Jahn-Teller tensorial force constants

Jahn-Teller tensorial forces can be treated in an analogous way[6,7]. The parameters Tens_JT has to be specified in the same way as Tens_P, Tens_S, Tens_T but in addition one has to add for each interaction two vectors that are used to calculated the JT factor: this factor is given by the product of two sines having as arguments the scalar product of $Q$ and the vectors. The JT model is activated by setting the variable USE_JT in the input file for :

the way to input the vectors for the JT factor is shown as follows :
Tens_JT['O_G0'] = {}
Tens_JT ['O_G0']['O_G0']= [
                                            [0,0,0.0]] ),
                                            [0,0,0.0]] ),

where the vectors follows the $3X3$ tensor.

Angle Bond Force Constants

The following input example ( file parinputedited )



Numeric.array([0.25   , 0.09212,  -0.08537])*9.035,
0.0002 , 
Numeric.array([0.   , -2*0.15788 ,  0.])*9.035,

establishes an angular spring for the angle having vertex Sb_G0 ( the first key of angleBonds ) and two sides , one made by the segment connecting Sb_G0 to Sb_G0 (second key) and having components dx,dy,dz = Numeric.array([0.25 , 0.09212, -0.08537])*9.035 . The other side goes from the vertex to Co_G0 and has components Numeric.array([0. , -2*0.15788 , 0.])*9.035.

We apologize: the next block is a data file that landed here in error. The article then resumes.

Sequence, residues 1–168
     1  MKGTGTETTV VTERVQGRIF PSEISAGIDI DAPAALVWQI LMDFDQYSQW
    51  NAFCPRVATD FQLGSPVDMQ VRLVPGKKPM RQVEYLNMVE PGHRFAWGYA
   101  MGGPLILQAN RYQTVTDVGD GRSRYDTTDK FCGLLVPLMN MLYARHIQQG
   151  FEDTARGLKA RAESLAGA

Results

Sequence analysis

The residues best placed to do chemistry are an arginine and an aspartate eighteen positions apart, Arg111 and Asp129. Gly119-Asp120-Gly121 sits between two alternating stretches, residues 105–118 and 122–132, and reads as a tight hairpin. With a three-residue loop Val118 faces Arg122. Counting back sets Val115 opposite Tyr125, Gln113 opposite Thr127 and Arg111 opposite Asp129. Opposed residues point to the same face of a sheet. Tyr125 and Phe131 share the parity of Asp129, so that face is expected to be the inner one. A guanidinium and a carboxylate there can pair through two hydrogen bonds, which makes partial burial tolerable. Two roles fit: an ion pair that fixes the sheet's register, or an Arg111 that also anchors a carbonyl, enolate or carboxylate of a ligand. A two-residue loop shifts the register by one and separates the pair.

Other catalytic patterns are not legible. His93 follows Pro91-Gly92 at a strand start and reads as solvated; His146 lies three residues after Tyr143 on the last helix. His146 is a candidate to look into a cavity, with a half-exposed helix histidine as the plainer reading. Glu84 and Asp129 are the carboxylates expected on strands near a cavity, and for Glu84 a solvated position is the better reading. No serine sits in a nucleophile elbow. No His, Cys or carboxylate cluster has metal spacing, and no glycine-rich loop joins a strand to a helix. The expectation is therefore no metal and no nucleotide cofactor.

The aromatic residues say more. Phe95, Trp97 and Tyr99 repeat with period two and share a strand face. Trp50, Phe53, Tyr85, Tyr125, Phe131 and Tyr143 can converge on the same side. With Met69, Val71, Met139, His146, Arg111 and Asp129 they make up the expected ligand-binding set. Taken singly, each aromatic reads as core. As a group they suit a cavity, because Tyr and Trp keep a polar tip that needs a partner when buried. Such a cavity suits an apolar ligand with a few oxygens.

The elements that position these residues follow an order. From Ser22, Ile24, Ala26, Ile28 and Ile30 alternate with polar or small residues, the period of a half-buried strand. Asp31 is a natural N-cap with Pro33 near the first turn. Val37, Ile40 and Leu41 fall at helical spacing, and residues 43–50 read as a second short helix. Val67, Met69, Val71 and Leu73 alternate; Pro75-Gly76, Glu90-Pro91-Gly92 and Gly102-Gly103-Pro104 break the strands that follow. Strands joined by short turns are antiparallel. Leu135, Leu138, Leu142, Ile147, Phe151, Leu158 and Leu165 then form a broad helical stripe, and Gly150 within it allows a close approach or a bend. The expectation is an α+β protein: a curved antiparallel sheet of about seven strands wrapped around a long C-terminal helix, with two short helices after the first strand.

To activate these interaction you have to write the following keywoards in the input file


A scan for every possible atomic triplet is done looping over a cell range whose span is given by the three components AB_cellrange=[1,1,1]. All rotations of the structure symmetry group are then applied to every triplet to check if a rotation can bring the triplet to coincide with the one given by angleBonds, with a tolerance given by 0.0002 ( second and fourth entry of an angleBonds contribution ). The contribution to the dynamical matrix is calculated for an energy given by anglestrenght*(angle-angle_0)**8